UK music industry success hailed
The success of the UK music business contributed billions of pounds to the economy last year, according to an industry study.
The report, put together by industry body UK Music, said it supported 111,000 full-time jobs and and contributed £3.8 billion in 2013, up from the £3.5 billion the year before.
Analysis in the Measuring Music report showed the business created £2.2 billion in exports due to the success of UK acts abroad.
Recent success stories include Sam Smith, whose debut album sold 166,000 copies in its first week of release in America - and more than one million worldwide.
Sam, who won the BBC's Sound of 2014 poll to identify new talent, follows in the footsteps of acts including One Direction and Adele who have cracked the profitable US market.
UK Music boss Jo Dipple said: "We all know how amazing British music is. Now we can put a figure to its value.
"Last year, its contribution to our economy grew by 9%. This is a big deal. We lead the world in song writing, composing, production, recordings and live performances.
"You only have to glance at the 2014 Mercury nominees to understand what an eclectic, unique and world-leading bunch of musicians work in this country."
Culture Minister Sajid Javid said the the industry was "one of our biggest success stories".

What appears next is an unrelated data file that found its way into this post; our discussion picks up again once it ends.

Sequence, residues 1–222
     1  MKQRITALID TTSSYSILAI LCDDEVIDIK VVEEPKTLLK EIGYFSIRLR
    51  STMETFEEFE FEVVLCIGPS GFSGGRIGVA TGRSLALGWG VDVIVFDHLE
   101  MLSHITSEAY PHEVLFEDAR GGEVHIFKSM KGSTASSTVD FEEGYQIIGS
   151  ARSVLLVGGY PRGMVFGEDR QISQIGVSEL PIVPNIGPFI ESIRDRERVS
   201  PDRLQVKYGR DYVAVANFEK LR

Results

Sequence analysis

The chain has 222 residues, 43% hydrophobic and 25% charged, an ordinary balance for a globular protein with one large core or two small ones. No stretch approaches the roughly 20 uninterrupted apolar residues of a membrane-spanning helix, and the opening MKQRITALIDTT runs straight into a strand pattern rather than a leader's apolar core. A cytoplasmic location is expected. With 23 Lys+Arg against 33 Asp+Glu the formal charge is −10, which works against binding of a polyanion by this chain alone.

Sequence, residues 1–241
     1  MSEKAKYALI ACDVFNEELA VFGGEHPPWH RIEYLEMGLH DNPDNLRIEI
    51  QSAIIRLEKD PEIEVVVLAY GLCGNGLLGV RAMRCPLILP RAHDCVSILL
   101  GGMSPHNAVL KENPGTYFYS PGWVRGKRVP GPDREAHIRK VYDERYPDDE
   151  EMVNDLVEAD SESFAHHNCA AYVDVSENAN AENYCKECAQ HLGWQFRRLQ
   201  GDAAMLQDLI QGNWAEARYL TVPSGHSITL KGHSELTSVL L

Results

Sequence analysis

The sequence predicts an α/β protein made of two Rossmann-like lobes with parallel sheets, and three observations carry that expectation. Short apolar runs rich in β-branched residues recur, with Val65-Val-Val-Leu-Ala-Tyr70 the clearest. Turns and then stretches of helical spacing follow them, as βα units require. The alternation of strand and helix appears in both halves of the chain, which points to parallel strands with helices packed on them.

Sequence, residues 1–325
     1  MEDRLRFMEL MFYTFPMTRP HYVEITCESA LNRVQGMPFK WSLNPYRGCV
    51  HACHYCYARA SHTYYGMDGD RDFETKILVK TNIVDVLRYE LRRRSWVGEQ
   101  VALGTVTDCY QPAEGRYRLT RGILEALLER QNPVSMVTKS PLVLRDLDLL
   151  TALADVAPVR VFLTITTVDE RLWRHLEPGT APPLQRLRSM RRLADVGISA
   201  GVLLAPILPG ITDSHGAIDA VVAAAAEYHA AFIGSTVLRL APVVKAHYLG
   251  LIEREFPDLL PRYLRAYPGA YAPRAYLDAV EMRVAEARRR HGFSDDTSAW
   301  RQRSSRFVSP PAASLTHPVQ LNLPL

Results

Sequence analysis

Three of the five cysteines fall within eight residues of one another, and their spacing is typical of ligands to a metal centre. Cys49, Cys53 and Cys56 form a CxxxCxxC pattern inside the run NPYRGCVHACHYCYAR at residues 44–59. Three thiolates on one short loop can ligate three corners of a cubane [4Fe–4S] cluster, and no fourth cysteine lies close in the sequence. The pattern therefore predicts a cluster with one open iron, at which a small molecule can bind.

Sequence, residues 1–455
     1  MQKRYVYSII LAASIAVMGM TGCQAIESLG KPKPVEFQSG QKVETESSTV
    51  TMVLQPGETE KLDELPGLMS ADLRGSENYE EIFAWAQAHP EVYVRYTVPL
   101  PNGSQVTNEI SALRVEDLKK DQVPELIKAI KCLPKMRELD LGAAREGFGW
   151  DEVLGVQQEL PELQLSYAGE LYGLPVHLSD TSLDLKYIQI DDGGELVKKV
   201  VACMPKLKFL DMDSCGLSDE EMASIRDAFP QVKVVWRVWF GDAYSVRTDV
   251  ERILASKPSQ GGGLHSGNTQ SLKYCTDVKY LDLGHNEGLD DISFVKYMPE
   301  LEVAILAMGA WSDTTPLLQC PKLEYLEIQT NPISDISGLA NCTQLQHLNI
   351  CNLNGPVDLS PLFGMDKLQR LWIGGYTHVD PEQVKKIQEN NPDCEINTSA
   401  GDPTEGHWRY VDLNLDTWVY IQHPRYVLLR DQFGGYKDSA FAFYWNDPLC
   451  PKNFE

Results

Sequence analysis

He said: " Not only does it make a tremendous contribution to driving economic growth, but it plays a pivotal role in taking British culture to every corner of the globe.
"One in every eight albums sold anywhere in the world is by a British artist, and I know that, with the ongoing support from Government, this dynamic sector will continue to flourish and thrive."
The report showed the amount contributed from recordings fell by 2% in 12 months, while live musics contribution rose by 28% - partly because large venues that had been used for the Olympics became free in 2013.
It stated that: "Last year saw the return of Glastonbury and the full availability of Olympic venues for live music events. These large scale events help to explain the strong growth in live music that our analysis has revealed."